Lower levels of sodium intake and reduced cardiovascular risk

Nancy R. Cook, Lawrence J. Appel, Paul K. Whelton

Research output: Contribution to journalArticlepeer-review

Abstract

BACKGROUND-: Recent studies have raised the possibility of adverse effects of low sodium, particularly <2300 mg/d, on cardiovascular disease; however, these paradoxical findings might have resulted from suboptimal measurement of sodium and potential biases related to indication or reverse causation. METHODS AND RESULTS-: Phases 1 and 2 of the Trials of Hypertension Prevention (TOHP) collected multiple 24-hour urine specimens among prehypertensive individuals. During extended posttrial surveillance, 193 cardiovascular events or cardiovascular disease deaths occurred among 2275 participants not in a sodium reduction intervention with 10 (TOHP II) or 15 (TOHP I) years of posttrial follow-up. Median sodium excretion was 3630 mg/d, with 1.4% of the participants having intake <1500 mg/d and 10% <2300 mg/d, consistent with national levels. Compared with those with sodium excretion of 3600 to <4800 mg/d, risk for those with sodium <2300 mg/d was 32% lower after multivariable adjustment (hazard ratio, 0.68; 95% confidence interval, 0.34-1.37; P for trend=0.13). There was a linear 17% increase in risk per 1000 mg/d increase in sodium (P=0.05). Spline curves supported a linear association of sodium with cardiovascular events, which continued to decrease from 3600 to 2300 and 1500 mg/d, although the data were sparse at the lowest levels. Controlling for creatinine levels had little effect on these results. CONCLUSIONS-: Results from the TOHP studies, which overcome the major methodological challenges of prior studies, are consistent with overall health benefits of reducing sodium intake to the 1500 to 2300 mg/d range in the majority of the population, in agreement with current dietary guidelines.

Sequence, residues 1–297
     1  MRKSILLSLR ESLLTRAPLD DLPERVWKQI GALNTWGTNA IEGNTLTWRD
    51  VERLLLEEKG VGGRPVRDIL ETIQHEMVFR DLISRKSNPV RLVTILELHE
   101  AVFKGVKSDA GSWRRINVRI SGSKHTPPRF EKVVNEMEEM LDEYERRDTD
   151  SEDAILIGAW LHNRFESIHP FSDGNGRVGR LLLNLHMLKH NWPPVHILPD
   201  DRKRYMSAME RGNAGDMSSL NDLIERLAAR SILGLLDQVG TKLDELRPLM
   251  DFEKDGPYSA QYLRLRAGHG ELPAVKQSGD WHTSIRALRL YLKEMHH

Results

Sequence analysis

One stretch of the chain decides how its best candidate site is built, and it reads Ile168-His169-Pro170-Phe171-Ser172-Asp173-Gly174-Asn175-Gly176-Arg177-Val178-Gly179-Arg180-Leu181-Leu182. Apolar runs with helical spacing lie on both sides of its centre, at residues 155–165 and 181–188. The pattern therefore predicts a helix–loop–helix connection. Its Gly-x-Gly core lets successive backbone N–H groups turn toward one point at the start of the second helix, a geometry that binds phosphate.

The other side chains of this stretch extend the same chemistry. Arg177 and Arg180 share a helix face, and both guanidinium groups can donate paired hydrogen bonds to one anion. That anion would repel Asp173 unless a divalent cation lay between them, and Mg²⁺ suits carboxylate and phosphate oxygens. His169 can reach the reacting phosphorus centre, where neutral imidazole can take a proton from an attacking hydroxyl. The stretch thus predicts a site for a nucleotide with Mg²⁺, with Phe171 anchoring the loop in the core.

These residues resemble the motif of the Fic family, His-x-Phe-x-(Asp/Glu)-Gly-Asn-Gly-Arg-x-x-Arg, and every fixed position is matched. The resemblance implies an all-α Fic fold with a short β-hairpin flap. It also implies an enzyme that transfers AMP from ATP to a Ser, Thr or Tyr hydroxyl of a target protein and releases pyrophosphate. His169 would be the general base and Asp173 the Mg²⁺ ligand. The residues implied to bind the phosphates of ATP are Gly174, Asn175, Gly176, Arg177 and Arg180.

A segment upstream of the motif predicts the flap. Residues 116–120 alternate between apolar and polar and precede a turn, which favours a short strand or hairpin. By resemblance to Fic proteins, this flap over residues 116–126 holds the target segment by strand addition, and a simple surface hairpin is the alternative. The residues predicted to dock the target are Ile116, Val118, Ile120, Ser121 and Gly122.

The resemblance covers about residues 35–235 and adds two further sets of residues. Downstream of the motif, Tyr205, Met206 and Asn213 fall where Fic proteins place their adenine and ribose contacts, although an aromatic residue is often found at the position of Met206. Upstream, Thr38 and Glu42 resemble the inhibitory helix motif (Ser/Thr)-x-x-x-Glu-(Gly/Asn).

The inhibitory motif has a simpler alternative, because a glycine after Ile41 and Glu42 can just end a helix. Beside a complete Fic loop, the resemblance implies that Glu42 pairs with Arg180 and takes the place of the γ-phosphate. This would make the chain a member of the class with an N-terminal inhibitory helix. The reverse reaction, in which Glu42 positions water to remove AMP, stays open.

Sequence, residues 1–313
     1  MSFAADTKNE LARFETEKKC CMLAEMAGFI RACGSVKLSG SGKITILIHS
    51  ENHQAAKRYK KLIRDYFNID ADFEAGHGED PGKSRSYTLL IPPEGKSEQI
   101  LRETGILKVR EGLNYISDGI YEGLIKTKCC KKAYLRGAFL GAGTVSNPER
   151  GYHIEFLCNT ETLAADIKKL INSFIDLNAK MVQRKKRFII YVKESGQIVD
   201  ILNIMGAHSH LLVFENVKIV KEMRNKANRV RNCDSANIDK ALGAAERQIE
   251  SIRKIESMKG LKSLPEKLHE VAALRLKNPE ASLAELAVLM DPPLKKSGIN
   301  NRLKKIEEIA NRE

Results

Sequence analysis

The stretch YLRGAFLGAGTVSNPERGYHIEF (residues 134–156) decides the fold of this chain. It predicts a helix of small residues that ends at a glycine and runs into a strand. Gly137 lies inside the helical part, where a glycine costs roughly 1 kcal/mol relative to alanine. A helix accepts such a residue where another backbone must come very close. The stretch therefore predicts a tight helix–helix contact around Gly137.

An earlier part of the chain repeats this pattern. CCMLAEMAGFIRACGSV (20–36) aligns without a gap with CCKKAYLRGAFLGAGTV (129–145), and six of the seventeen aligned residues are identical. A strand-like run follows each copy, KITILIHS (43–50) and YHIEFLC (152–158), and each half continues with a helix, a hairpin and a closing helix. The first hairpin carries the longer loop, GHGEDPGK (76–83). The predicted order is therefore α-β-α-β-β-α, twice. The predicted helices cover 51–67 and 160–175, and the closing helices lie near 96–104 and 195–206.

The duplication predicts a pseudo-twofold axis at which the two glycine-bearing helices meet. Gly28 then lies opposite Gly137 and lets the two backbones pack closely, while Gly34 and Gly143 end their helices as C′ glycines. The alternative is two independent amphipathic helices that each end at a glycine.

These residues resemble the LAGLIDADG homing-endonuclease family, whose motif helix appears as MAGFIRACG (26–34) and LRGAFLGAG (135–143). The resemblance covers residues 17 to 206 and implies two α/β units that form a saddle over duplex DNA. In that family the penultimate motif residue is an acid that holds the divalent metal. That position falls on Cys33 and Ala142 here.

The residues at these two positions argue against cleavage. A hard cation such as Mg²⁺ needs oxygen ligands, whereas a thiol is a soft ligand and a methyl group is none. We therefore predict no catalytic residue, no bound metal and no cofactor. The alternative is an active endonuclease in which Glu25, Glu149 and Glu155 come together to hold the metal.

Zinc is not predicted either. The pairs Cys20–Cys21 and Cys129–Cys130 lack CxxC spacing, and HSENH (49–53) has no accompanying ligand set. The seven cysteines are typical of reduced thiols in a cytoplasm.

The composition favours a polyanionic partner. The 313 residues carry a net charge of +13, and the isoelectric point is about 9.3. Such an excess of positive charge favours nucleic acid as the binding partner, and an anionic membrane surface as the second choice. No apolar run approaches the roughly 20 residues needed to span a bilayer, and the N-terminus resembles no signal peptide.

Original languageEnglish (US)
Pages (from-to)981-989
Number of pages9
JournalCirculation
Volume129
Issue number9
DOIs
StatePublished - Mar 4 2014

Keywords

  • cardiovascular diseases
  • diet
  • dietary
  • nutrition
  • primary prevention
  • sodium chloride

ASJC Scopus subject areas

  • Cardiology and Cardiovascular Medicine
  • Physiology (medical)

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